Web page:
Practising form for long periods breathing like this isn’t good because the body will, eventually pick up on that habit of holding the breath and start doing it, which means more tension.

Not good. It just ain’t Taiji as there’s no continuous change in the breath.

The other reason why you can’t just take a breathing pattern and shove it into the Taiji form is because your body varies quite a bit from day to day, and one day it might find it easy to breathe in the pattern you’ve been given, and the next it might struggle. This is something you don’t have conscious control over, because your body is different from day to day. That’s just the way it is.

One of the ways to get around this is to teach the body to coordinate breathing with movement. This way, whatever your internal state, your body will just start to regulate and synchronise whatever breathing pattern is most appropriate and most relaxing with your movement. It is, however somewhat unintuitive as it doesn’t use your conscious mind. Just try it out and see how it works, even if you don’t believe me.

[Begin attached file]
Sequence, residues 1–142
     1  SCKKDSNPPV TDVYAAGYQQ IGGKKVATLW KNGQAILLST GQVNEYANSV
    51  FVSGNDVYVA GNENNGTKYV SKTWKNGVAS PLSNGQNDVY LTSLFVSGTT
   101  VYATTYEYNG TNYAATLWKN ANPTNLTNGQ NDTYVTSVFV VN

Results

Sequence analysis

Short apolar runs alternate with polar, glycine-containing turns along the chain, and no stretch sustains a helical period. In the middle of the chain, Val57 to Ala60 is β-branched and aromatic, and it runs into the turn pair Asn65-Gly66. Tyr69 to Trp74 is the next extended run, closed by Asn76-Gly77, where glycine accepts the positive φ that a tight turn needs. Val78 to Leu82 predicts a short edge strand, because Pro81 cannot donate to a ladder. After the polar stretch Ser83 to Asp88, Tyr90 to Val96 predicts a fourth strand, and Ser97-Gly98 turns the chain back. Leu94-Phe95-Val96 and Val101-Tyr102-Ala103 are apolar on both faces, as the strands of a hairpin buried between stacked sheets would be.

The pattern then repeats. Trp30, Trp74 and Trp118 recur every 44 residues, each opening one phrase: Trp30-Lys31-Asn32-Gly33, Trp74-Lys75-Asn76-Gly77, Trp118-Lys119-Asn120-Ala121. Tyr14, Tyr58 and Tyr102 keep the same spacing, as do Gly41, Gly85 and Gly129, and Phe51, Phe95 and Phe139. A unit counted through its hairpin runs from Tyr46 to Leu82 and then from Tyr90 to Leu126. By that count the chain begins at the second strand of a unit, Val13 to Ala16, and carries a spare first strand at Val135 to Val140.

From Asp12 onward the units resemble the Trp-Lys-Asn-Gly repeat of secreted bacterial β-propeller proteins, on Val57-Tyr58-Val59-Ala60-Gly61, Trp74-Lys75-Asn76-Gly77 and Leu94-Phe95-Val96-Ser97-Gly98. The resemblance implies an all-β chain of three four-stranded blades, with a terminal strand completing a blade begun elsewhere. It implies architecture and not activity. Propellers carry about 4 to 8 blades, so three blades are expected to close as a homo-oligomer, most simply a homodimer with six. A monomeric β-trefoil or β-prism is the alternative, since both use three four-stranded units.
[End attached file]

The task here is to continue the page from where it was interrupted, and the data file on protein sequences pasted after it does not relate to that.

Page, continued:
Practise breathing with very natural movements, such as walking and eventually your body will get the idea, so that when you do start doing Taiji form, your body will automatically breathe to the movement, you won’t have to try to “fit” your breathing to the form.

So, the next time you’re walking along to get somewhere, breathe in for four steps, and out for four steps. As you walk along, gradually increase the length of the breath to ten steps in and ten steps out. Try not to hold your breath in or out at any point. If you’re trying to take ten steps and you run out of breath by eight, then that’s your limit for that moment in time. Don’t try to force it, we don’t want anyone going blue in the face. You need to practise long and short breaths, as there are long and short movements in the form. Go as high as you can without tensing up or holding your breath and do this often, try it out when you next walk to the shops or when you’re in the gym.

If you do this often enough, your body will get the idea of co-ordinating movement with breathing and it will automatically start do regulate your breathing during your form practise.